On the hook: Koprens produce socks from family sheep
for Tri-State Livestock News
Wade and Jenny Kopren, Bison South Dakota, are taking their wool a step further by marketing socks make from the fleeces of their sheep. The Fishhook Sock Company, co-owned by Wade and Jenny and Wade’s parents, Willis and Cindy Kopren, is off to a running start with their inaugural batch of 100% wool socks.
“The idea originally started when we were sitting around the table complaining about low wool prices,” Wade said. “I have a friend in Montana, John Helle, who is doing the same thing but on a larger scale.”
Helle’s Duckworth Clothing Company offers sweatshirts, long johns, t-shirts and other styles of clothing. Kopren had sheared Helle’s flock of sheep for years, and has watched them grow their business for the last several years.
“We had an idea of who to talk to and the process involved,” Wade said. “They had investors and partners, but we wanted to do it on our own. I wanted to start with a small lot and test it out.”
For their first batch of Fishhook socks, Koprens started out with about 2,500 pounds of grease wool from their registered Targhee ewes and their son Braden’s registered Rambouliet ewes. The fleeces weighed ten plus pounds apiece. After shearing, the wool was taken to Mountain Meadow Wools in Buffalo, Wyoming, where it was scoured, washed, and made into ‘top,’ simply a long rope with all the fibers going in the same direction. Koprens wool graded at 20.7 microns. They have put many years into selection for balancing both fine wool and growthy lambs in their flock.
“From there we shipped it to Crescent Wool in Jamestown, South Carolina, where they ran the top through a super-wash machine,” Wade said. “This descales the wool, takes the itch out and makes it so it won’t shrink. The super-wash machine is the greatest invention. It has done wonders for all socks, but especially for our military clothing.”
The next stop for Koprens wool was Mayford, North Carolina and Burlington Wool Company, the biggest wool buyer, spinner and weaver in the United States.
“Burlington makes all the fabric for the U.S. Military uniforms,” Wade said.
Here the top was spun into yarn. The yarn was then shipped to Crescent Sock Company in Niota, Tennessee.
“Crescent is the oldest hosiery company in the United States,” Wade said. “It is a unique business. Practically the whole town works there; they know everybody by name. I got to be pretty good friends with the plant manager and the CEO of the company. There’s actually a photo of us hanging on the wall at Crescent of me showing him how to shear, and it gets joked around—‘what a person won’t do for a pair of socks!’”
Wade custom designed the socks himself. After wearing wool socks exclusively for the last fifteen years he had in mind just what he wanted.
“I don’t even own a cotton sock,” he said. “Wool has special characteristics. It wicks away moisture so your feet don’t stink. Wool is durable, so wool socks last probably fifteen times longer than socks made of other materials. Wool socks never get hard like cotton socks eventually do. I didn’t want to make a run of the mill standard sock. We designed them with extra padding in the heels and the balls of the feet for cushion. We made a lightweight sock, suitable for both summer and winter, so you have the warmth and all the benefits of wool without the bulk of a heavier sock.”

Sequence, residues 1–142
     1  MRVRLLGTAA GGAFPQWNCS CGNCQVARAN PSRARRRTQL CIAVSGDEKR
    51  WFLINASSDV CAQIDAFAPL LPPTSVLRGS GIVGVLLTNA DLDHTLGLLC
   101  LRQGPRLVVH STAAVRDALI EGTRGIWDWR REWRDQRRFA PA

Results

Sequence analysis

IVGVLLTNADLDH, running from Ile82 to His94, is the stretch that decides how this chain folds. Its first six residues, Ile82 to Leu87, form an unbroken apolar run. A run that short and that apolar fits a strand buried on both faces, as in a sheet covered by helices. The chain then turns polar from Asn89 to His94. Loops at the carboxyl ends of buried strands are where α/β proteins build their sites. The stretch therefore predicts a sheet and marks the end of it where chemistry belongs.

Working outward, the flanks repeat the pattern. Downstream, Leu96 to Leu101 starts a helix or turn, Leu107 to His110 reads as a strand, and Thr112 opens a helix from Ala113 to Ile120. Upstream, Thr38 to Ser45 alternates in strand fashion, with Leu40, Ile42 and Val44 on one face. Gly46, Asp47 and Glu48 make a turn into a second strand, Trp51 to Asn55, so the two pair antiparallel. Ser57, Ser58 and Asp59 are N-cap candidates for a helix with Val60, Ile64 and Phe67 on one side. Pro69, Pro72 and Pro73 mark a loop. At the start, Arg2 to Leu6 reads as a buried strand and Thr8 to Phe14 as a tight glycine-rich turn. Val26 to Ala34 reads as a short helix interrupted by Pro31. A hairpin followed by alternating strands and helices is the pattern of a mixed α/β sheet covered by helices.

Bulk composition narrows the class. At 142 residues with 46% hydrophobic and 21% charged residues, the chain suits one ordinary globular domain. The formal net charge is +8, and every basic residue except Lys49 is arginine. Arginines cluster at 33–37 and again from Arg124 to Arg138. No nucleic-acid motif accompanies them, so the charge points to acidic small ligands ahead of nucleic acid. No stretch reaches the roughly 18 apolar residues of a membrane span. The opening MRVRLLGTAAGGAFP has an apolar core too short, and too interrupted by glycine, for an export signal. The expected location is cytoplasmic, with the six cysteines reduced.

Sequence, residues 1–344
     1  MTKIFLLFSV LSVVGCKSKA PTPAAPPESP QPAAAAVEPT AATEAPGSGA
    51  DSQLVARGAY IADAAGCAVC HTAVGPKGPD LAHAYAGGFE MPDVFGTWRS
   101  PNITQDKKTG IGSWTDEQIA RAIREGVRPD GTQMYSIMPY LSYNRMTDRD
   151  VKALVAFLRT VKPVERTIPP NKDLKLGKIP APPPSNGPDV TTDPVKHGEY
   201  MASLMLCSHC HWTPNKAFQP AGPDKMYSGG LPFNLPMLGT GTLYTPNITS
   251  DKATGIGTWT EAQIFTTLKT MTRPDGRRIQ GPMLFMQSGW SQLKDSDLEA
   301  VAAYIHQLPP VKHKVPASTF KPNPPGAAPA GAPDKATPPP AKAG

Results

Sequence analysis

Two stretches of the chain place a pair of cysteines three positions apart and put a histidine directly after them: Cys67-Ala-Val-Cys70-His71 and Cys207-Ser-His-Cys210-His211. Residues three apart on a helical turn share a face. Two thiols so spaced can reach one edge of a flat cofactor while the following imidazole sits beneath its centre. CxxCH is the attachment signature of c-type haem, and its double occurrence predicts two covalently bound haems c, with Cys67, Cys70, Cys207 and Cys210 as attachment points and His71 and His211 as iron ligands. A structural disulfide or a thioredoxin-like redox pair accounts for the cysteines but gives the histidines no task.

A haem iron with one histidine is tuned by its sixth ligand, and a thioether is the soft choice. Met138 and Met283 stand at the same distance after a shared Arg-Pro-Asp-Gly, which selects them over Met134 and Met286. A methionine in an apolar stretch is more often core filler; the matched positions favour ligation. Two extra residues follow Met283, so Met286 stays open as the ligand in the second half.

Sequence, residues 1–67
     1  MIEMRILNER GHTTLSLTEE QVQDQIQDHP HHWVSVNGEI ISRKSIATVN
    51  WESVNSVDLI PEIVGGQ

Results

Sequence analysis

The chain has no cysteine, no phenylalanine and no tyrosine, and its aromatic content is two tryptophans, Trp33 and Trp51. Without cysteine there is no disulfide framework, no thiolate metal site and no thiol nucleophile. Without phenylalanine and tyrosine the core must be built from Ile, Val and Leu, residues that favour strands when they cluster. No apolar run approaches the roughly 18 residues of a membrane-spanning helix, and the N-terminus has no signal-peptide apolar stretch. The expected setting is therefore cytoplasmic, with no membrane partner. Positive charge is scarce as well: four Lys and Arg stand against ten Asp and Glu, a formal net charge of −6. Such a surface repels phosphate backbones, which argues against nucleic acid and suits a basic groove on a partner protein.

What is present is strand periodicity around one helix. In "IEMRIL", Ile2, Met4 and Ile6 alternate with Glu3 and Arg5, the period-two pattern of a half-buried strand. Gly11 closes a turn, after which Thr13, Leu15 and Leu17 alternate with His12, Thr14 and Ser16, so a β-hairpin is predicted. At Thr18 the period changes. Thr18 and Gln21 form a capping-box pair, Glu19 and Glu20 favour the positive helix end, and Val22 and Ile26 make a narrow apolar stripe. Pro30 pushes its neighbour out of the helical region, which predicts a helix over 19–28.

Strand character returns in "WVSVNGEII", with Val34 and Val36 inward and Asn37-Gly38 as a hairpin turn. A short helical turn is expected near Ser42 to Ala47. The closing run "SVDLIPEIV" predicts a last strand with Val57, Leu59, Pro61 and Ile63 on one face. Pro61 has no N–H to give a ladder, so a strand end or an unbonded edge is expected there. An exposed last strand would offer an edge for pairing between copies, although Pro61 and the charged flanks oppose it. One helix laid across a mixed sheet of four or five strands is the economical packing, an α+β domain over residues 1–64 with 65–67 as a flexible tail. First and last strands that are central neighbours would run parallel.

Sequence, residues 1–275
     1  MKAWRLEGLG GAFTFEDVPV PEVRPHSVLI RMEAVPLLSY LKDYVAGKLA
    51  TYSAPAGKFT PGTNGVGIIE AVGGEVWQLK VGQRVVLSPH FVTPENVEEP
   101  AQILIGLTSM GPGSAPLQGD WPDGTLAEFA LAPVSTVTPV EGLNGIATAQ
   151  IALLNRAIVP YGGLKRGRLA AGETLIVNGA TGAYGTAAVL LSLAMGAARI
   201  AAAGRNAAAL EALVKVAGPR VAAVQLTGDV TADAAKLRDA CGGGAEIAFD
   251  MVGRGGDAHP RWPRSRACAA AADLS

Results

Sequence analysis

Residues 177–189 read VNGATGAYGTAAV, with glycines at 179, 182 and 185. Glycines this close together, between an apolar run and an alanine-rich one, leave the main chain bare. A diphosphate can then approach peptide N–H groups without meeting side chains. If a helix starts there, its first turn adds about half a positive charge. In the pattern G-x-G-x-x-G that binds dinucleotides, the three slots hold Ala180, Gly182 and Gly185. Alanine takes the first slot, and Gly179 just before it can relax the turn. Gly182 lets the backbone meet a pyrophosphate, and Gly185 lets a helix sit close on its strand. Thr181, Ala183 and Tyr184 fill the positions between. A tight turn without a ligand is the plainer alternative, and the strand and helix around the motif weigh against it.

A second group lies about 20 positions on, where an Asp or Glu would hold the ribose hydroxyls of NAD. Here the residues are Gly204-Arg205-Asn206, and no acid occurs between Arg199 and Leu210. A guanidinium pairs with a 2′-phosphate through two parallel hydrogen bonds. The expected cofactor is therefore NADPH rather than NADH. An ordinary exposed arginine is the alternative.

Crescent made about 5,500 pairs of socks using Koprens’ wool. Fishhook socks became a reality in men’s medium and large and women’s medium and large crew and ankle socks.
“You have to get 1250 pairs per style per color,” Wade said. “We just had them made in the natural off-white color of the wool.”
Koprens plan to retail this first batch of socks themselves, but hope to move to wholesale customers in the future.
“We want to keep our story,” Wade said. “Our biggest push is to take it all the way back to the sheep it came from.”
Wade’s great-grandfather, Louis Kopren, homesteaded in Perkins County in 1907 just a few miles south of where Wade’s family lives. Louis’ Fishhook brand has been passed down through the family. Wade’s grandmother, Jean (John) Kopren, brought sheep to the family when she married Wade’s grandfather, Merle. Wade’s parents, Willis and Cindy, now live on Merle’s place. Wade credits Merle with the genetic selection that laid the foundation for the quality of their flock.
Wade spent twenty-five years shearing, starting when he was still in High School. He started running his own crew in 2002 and built up to running five crews in six states: North Dakota, South Dakota, Montana, Wyoming, Idaho, and Minnesota, shearing over 350,000 head per year. He retired from shearing six years ago but continues to teach shearing schools, something he has done since 1998.
Jenny helped Wade work the wool for several years so she knows her way around the skirting table. Their son Braden sheared most of the wool that went into this first batch of socks.
“I told Braden that if you can shear sheep you’ll never be broke,” Wade said.
Wade won many speed shearing contests and even set the United States shearing record, shearing eight hundred seventy head in eight hours with partner Matt Smith of New Zealand.
“We did it for charity,” Wade said. “We gave the money we won to the Shriners’ Hospital.”
Koprens shear their registered ewes in December and lamb them in January. Their commercial ewes will be shorn mid-April and lamb in May. Wade is planning to have two years’ worth of wool from both flocks, roughly 25,000 pounds, to supply his next run of socks. If the demand grows beyond what Koprens sheep produce Wade says he would try to buy wool from customers who purchase their rams, so that the wool for Fishhook socks is all source verified and has its roots in their ranch.
For more information or to order Fishhook socks, go to https://fishhooksocks.com/
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